Representative Image
Representative Image

Slow vaccine roll-out could risk advent of new variants, warns Chinese expert

ANI | Updated: May 18, 2021 22:50 IST

Beijing [China], May 18 (ANI): Chinese infectious disease specialist has warned that slow global COVID-19 vaccine roll-out risks allowing new variants to emerge as the world continues to combat the pandemic.
"Most of the world has not yet been vaccinated. Even in countries with abundant supplies, the vaccination rate might hardly reach herd immunity level that can effectively block transmission," South China Morning Post (SCMP) quoted Zhang Wenhong, the head of Shanghai's COVID-19 clinical team, as saying on Sunday.
Fresh COVID-19 outbreaks show the virus will spread once the world is less vigilant about the pandemic, while slow global vaccine roll-outs risk more variants emerging, Wenhong warned.

"Vaccine roll-out is not fast enough and the possibility of the virus mutating and escaping [protection from the vaccines] is increasing."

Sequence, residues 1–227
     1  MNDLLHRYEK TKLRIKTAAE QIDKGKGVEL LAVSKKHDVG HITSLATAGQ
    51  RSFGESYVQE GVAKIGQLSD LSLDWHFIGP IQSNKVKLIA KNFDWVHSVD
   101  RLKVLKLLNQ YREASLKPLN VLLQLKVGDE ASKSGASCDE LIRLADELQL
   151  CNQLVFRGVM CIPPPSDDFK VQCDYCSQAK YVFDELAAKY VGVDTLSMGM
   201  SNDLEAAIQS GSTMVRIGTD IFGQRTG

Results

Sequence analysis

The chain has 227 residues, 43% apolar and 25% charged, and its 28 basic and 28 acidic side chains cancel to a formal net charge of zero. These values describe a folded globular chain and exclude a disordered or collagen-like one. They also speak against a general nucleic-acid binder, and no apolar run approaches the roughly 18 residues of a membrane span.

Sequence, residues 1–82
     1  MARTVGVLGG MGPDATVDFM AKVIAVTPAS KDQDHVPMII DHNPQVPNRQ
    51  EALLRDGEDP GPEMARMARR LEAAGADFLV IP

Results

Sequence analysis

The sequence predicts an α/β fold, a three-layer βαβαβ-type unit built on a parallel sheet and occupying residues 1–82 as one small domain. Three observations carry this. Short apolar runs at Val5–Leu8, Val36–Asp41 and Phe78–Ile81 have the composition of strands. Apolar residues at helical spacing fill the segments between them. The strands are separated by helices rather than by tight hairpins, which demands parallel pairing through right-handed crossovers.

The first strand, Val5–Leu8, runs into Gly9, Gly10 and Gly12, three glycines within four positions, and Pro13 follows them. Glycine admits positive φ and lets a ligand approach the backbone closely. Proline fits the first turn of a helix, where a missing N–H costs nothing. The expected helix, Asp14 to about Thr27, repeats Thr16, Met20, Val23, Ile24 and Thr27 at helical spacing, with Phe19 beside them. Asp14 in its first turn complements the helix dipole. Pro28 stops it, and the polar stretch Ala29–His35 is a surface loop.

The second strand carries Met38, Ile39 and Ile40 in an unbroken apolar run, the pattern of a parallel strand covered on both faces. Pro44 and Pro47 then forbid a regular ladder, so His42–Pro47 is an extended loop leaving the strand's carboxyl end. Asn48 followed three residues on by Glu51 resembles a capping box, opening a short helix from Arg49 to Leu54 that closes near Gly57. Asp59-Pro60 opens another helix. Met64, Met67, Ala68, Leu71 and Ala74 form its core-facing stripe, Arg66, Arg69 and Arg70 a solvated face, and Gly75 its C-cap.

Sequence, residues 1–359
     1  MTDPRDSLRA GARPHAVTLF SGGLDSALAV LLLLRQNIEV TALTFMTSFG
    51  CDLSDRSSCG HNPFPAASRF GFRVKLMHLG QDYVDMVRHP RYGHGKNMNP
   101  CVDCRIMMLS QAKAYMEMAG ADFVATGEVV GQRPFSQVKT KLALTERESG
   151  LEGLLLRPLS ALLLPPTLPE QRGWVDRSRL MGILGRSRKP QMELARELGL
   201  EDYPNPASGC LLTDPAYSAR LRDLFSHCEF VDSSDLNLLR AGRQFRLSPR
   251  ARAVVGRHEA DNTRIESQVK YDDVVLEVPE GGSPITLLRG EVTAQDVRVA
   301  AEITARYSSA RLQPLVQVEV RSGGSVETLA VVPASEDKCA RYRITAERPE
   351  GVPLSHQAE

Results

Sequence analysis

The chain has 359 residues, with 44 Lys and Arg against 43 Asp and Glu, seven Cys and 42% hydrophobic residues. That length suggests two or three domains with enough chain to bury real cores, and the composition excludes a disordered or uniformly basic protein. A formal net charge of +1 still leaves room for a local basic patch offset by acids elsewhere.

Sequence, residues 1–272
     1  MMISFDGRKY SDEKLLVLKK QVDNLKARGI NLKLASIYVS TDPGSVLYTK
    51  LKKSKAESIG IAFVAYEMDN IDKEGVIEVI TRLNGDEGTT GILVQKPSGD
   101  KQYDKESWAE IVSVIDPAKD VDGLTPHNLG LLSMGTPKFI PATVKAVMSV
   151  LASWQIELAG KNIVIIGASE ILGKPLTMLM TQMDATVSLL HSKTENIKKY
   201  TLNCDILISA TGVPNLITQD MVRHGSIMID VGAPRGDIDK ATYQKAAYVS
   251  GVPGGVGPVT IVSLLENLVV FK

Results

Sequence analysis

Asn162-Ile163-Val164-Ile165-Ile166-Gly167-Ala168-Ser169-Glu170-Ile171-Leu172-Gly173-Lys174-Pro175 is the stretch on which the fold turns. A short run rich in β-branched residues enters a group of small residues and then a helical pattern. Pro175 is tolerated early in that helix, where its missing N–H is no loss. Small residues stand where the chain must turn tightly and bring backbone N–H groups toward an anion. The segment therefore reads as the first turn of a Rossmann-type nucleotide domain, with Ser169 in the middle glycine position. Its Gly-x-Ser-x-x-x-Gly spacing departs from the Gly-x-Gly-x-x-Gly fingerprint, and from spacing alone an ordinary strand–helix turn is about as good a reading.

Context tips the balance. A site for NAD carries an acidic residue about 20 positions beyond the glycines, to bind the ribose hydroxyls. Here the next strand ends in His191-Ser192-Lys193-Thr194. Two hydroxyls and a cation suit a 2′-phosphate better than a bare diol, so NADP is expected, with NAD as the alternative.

On Monday, highlighting the gap of vaccinations between high-income countries and low and lower-middle countries, World Health Organisation (WHO) Director-General Tedros Adhanom Ghebreyesus also said that the world is at risk of 'vaccine apartheid'.
"As you know, high-income countries account for 15 per cent of the world's population, but have 45 per cent of the world's vaccines. Low- and lower-middle countries account for almost half of the world's population, but have received just 17 per cent of the world's vaccines. So the gap is really huge," he stated.
The WHO chief further highlighted that at least 63 million doses of vaccines have been shipped to 124 countries and economies, but they represent just 0.5 per cent of the combined population of those nations.
He also noted that the basic problem of vaccine inequity was a lack of sharing, which could be resolved by sharing financial resources to fully fund the Access to COVID-19 Tools (ACT) Accelerator, sharing doses with COVAX and sharing technology to scale up the manufacturing of vaccines. (ANI)